Activists Step On It On the "Cotton Ceiling"
What happens when a misogynistic argument is allowed to fester
The BBC last week ran a story on the “cotton ceiling”, which is the issue of whether there’s something wrong with cisgendered lesbians who don’t want to sleep with trans women. The BBC found a number of lesbians who were being pressured to sleep with trans women when they weren’t attracted to them. I suspect the first reaction of just about 98% of the public that saw this story was “what are you talking about? Of course a lesbian doesn’t have to sleep with someone who was assigned male at birth!” Actually, I cleaned that up a bit— the actual response was probably more colloquial and perhaps even vulgar than that.
But, of course, the BBC is hearing from the 2%. Just as a small number of Netflix employees who dislike the platform’s deal with Dave Chappelle got massive media coverage, campaigns have been organized to protest the BBC’s story. It’s bad for trans people, the campaigns say, because it makes it sound like all trans women are sexual predators. Of course, it is terrible to paint all trans women that way, and isn’t true. The BBC story doesn’t do that, but I understand the concern— it’s the concern any group would have to a trend story that paints members of their community in a negative light.
Here’s the thing, though. I would have a lot more sympathy for the argument that the media shouldn’t do stories about trans women pressuring lesbians for sex if… very prominent trans activists haven’t been putting out the idea that there’s something wrong with lesbians who don’t want to have sex with them. The pioneering trans athlete-activist and champion cyclist Veronica Ivy (also known as Rachel McKinnon), for instance, tweeted out to her over 11,000 followers that “genital preferences are transphobic”. What’s a “genital preference”? It’s when a lesbian wants to have sex with a person with a vagina rather than a penis. It’s what we used to call “lesbianism” or, in the broader sense, “sexual orientation”.
The BBC article quoted a spokesperson for Stonewall, the pro-trans rights organization in Britain, issuing a rote condemnation of people pressuring others to have sex with them, but then stated “But if you find that when dating, you are writing off entire groups of people, like people of colour, fat people, disabled people or trans people, then it's worth considering how societal prejudices may have shaped your attractions.” The comparison to racial preferences in dating seems to be especially common among activists defending this argument. The argument is based on the notion that a flat refusal to have sex with trans women is “reductive”.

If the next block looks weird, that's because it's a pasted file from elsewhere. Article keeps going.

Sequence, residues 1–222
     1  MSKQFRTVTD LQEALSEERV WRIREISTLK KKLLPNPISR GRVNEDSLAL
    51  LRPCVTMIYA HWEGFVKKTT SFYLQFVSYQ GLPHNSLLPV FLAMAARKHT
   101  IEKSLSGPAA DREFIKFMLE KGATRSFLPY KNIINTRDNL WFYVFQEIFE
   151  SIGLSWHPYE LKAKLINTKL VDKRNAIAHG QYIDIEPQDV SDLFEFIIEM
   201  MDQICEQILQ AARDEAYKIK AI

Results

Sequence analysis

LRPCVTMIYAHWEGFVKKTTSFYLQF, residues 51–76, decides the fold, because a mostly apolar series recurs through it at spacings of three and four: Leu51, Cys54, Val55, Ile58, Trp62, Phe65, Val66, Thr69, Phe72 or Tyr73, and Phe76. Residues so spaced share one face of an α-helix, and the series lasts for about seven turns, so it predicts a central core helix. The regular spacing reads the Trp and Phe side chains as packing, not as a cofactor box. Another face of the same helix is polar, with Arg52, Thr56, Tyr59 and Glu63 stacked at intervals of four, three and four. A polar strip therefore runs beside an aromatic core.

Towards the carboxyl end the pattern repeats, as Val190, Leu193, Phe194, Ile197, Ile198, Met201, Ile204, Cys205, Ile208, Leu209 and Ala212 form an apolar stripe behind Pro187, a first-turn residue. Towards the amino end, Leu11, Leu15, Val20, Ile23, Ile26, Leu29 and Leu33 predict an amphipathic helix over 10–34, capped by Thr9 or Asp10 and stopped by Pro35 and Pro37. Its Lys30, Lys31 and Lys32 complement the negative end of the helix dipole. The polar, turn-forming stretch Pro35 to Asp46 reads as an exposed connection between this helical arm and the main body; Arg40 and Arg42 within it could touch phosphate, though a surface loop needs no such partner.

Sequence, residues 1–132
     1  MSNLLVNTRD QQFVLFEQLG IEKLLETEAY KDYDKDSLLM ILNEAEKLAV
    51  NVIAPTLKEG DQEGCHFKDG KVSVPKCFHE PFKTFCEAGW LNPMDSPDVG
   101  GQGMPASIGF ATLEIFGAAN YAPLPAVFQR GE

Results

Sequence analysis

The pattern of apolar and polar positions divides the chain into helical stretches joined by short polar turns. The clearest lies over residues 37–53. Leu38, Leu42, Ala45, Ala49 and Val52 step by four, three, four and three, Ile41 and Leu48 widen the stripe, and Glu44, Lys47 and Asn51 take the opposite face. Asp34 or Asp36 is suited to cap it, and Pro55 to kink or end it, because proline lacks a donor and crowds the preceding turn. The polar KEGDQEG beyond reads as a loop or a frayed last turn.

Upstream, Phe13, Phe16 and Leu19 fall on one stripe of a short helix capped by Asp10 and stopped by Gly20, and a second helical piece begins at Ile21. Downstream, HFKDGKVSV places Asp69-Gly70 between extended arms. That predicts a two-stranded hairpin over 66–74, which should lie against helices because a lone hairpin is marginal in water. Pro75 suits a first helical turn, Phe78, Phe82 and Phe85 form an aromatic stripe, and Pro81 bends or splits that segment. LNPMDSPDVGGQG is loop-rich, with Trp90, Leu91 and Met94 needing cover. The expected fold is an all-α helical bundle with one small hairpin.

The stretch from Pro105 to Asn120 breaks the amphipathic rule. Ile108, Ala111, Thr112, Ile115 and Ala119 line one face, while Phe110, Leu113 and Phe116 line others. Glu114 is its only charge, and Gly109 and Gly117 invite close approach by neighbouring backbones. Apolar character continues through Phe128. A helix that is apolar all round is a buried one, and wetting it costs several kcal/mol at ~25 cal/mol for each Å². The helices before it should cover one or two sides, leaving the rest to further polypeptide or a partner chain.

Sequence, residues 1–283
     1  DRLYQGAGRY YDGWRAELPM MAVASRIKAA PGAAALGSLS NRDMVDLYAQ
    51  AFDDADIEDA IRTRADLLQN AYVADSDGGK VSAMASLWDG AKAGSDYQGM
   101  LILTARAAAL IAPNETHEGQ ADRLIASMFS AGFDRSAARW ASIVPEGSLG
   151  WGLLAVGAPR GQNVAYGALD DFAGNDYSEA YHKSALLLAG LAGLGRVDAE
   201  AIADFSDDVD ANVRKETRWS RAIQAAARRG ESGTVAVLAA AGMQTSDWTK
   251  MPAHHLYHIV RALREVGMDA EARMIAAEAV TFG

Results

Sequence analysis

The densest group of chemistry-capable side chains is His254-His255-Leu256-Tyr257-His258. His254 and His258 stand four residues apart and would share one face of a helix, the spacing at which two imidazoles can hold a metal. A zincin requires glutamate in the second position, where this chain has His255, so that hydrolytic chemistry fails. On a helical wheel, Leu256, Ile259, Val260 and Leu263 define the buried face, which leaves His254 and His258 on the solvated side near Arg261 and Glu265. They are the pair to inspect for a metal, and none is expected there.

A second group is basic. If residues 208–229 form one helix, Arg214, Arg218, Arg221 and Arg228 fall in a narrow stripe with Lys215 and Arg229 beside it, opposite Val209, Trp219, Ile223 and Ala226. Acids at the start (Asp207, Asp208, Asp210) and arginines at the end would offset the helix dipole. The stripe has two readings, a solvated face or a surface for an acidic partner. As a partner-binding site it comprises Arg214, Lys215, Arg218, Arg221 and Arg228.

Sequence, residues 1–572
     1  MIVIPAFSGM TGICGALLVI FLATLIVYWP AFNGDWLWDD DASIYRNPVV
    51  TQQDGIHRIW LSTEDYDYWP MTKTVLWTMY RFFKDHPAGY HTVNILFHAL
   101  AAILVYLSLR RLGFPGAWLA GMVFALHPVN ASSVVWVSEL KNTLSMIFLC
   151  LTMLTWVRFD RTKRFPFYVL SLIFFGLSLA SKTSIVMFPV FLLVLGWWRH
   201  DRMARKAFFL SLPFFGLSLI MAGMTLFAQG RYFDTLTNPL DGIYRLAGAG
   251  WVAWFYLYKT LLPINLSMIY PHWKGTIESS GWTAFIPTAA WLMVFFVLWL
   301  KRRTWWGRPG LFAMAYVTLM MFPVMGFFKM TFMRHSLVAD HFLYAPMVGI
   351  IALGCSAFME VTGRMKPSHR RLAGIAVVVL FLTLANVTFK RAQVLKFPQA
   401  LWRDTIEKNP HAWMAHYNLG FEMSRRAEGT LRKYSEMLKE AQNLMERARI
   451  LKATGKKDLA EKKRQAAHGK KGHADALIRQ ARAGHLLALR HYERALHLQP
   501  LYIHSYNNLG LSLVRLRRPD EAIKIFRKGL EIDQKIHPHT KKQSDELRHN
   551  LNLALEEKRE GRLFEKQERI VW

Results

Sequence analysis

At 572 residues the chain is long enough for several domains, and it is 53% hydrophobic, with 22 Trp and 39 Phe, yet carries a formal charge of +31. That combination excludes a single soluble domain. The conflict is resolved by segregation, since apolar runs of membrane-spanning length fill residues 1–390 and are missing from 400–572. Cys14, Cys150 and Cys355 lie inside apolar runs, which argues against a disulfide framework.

I have to say, when I first started seeing these arguments a few years ago, I felt I’d heard them before. Straight, cis guys make these arguments all the time- how the preferences for hot, chiseled jocks are reductive, how women will be happier if they get to know guys who are less attractive but might be “nicer”, etc. The feminist Amanda Marcotte called this the “Nice Guy” argument. “You should sleep with me because I’m nice not like those guys you are attracted to who are dangerous for you.” This sort of thing also shows up in incel rhetoric. It also shows up in the rhetoric of the Christian conservatives advocating for “gay conversion therapy”: you’d be happier if you taught yourself to like someone of the opposite sex!
And they are bad arguments! Let’s start at the beginning. Sex is an intimate, sometimes dangerous act. We live in a rape culture, and rape is a gigantic social problem that is common enough that women enter the dating, relationship, and sexual world with that constant potential fear in the background. Feminists— and I would say most of America agrees with this part of feminism (even if there are disagreements around the edges over what constitutes “consent”)— have responded by centering sexual consent in the discourse. “Women should not be forced to do things sexually that they don’t want to do” is a statement that probably at least 80% of America, maybe a lot more, agrees with. On this issue, Christian conservatives who want their daughters to resist pressure from boys and keep their virginity agree with radical campus feminists who think that men shouldn’t be able to coerce women into getting what they want. And almost everyone between the extremes agrees as well.
And sexual orientation, as well as what you are attracted to, are things a person generally can’t control. You are pretty much born into your sexual orientation, even if there are some fuzzy areas on the continuum and people who are able to move back and forth on it. And once you start dating and entering into relationships, your personal aesthetics and what you consider attractive come into play. You can’t control what turns you on and what doesn’t.
So it’s really important that we respect people’s choices about who they do and do not want to sleep with. Forcing people to sleep with folks they aren’t attracted to is part of rape culture. And feminists have, I think correctly, reacted with horror when groups of people, whether it is Amanda Marcotte’s Nice Guys or the incel movement, have tried to persuade women that they are doing it all wrong and that they should be sleeping with different people. Moreover, I think most of the country has been persuaded by feminism that this is, in fact, something that people should respect.
The trans discourse around the cotton ceiling seeks to roll back this rather important feminist accomplishment. They are asking people instead to interrogate their sexual attractions, just like the incels, the Nice Guys, and the conversion therapists want you to do. They are hoping that if people look deep in their hearts, they will realize that it was an irrational prejudice all along, and then maybe they will start sleeping with people they haven’t been attracted to.
And this is insane! Look: there probably are some genuinely nice people who can’t find a mate because of their appearance. This happens! And there are ways to deal with that (mostly through a more liberal and humane approach towards sex work). But note: the Nice Guys and the incels are not genuinely nice people: they are misogynists! And most nice people are able to find dates and, once they go on dates, tend to get a decent percentage of second dates, because they are nice! So we are not talking about a large number of people left behind.
But telling women that they have to examine their prejudices with an aim that they start sleeping with people they aren’t attracted to and won’t enjoy sleeping with is misogyny. It’s telling women that they have to subordinate their own desires to the supposed needs of other people and of society. It’s classic sexism, and of a piece with the centuries of patriarchal regulation of women’s sexual agency and freedom.